Insider trading by federal lawmakers is unlawful, but "distinct legal and factual issues" may arise and make the investigation or prosecutions difficult to proceed. However, any statutory changes on insider trading should be "carefully calibrated" to ensure they do not narrow current law, a top Securities and Exchange Commission official warned Tuesday.
"There is no reason why trading by members of Congress or their staff members would be considered 'exempt' from the federal securities laws, including the insider trading prohibitions," Robert Khuzami, enforcement director at the SEC, said in written testimony to the House Financial Services Committee. However, inappropriate statutory changes could "make it more difficult to bring future insider trading actions against individuals outside of Congress."
Tuesday's hearing before the House Financial Services Committee focused on the Stop Trading on Congressional Knowledge Act, also known as the STOCK Act, which was introduced by Rep. Louise Slaughter (D-N.Y.) and Rep. Tim Walz (R-Minn.) five years ago. The bill regained popularity after "60 Minutes" interviewed Peter Schweizer, the author of "Throw Them All Out", and exposed that several high profile lawmakers profited on insider information, including the chairman of the House committee, Rep. Spencer Bachus (R-Ala.).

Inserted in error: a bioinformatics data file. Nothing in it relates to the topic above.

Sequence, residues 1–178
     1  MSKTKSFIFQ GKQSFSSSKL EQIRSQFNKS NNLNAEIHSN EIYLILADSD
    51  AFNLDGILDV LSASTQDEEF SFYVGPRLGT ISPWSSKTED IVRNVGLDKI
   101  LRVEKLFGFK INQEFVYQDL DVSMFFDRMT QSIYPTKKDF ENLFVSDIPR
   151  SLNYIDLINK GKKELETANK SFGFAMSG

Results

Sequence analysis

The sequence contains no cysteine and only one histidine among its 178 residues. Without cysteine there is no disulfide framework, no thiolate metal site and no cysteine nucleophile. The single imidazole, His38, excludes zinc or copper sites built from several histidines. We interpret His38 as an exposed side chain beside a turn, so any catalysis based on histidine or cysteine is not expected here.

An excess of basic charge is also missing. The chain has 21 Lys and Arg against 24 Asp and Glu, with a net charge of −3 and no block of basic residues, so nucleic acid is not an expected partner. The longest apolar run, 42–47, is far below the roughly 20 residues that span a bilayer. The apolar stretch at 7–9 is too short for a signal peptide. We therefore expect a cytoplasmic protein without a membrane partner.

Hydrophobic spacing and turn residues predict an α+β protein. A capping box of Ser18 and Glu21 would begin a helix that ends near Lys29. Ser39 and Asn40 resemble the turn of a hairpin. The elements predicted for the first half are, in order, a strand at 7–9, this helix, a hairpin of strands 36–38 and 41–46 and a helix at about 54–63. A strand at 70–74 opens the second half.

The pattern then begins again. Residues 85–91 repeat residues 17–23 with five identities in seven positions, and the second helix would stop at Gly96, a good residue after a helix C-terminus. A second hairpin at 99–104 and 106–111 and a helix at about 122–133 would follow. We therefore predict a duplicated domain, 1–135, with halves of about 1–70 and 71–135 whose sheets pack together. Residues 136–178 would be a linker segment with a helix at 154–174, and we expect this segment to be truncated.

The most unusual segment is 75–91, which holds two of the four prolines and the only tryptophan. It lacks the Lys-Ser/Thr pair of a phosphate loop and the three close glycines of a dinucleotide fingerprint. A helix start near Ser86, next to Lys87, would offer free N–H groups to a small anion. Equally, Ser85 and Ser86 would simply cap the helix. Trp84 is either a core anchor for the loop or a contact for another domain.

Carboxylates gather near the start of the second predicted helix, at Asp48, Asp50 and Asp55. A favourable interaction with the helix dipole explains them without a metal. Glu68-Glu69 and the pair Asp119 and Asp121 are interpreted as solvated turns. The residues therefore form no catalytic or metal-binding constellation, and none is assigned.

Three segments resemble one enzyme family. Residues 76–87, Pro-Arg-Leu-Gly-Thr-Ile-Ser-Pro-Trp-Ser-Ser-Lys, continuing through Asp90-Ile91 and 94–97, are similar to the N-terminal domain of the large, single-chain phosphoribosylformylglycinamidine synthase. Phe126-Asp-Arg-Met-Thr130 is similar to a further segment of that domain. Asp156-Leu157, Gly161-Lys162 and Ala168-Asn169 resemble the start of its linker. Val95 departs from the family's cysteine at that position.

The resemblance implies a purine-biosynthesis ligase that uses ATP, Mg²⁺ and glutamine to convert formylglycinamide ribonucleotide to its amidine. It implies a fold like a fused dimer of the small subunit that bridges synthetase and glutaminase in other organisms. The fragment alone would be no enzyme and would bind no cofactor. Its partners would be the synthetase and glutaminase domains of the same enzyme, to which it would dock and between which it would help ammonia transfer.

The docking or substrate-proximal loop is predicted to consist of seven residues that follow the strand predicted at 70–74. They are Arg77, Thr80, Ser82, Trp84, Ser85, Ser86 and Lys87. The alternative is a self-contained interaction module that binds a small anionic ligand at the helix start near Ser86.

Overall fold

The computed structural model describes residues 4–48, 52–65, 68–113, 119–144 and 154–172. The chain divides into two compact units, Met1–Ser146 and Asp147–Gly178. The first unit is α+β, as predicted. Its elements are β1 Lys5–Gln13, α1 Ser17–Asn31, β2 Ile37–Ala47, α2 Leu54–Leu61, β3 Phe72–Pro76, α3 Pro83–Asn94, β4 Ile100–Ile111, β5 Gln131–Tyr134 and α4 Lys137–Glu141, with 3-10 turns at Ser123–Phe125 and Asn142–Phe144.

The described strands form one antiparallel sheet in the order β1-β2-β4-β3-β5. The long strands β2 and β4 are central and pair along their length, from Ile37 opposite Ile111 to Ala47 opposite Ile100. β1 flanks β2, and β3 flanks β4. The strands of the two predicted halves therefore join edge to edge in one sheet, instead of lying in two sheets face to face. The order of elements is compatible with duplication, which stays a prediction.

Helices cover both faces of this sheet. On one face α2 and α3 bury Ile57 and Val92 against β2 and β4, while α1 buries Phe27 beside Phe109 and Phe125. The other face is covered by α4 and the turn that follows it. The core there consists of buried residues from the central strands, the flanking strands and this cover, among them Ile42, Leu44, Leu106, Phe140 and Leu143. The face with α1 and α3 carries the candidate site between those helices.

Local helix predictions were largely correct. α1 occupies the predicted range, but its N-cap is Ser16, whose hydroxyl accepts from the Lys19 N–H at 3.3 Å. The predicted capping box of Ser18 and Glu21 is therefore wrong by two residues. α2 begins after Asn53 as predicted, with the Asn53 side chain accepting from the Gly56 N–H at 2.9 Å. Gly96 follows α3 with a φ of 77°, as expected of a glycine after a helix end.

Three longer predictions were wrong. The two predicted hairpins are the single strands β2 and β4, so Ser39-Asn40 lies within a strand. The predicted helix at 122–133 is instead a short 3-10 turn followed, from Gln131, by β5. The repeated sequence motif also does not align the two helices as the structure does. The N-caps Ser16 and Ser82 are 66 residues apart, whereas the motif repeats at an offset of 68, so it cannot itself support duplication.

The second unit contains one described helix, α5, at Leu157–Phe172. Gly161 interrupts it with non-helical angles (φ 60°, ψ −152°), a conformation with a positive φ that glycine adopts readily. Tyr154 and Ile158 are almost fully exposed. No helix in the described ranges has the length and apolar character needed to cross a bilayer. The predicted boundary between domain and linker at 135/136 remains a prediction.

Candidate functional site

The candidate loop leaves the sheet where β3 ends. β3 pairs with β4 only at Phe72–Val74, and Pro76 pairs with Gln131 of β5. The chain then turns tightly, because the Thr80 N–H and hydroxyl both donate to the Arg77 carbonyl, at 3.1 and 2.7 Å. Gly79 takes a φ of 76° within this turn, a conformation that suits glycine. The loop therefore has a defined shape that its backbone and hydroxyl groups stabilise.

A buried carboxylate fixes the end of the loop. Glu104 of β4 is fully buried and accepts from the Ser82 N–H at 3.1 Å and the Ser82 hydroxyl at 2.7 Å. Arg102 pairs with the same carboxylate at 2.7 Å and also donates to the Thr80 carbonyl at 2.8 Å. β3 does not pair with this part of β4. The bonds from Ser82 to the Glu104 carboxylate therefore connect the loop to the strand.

The bill prohibits members and employees of Congress and the executive branch from trading or disclosing any nonpublic information they obtain because of their status and to report any securities transaction in excess of $1,000 within 90 days.
"This is about restoring faith," said Walz, testifying before Tuesday's House panel.
"If you think a 9 percent approval rating is bad, don't do anything, drag it out and watch what happens," he added, referring to polling results on Americans' approval of Congress.
The Senate Homeland Security and Governmental Affairs Committee also held a hearing on congressional insider trading last Thursday as a result of increasing public pressure.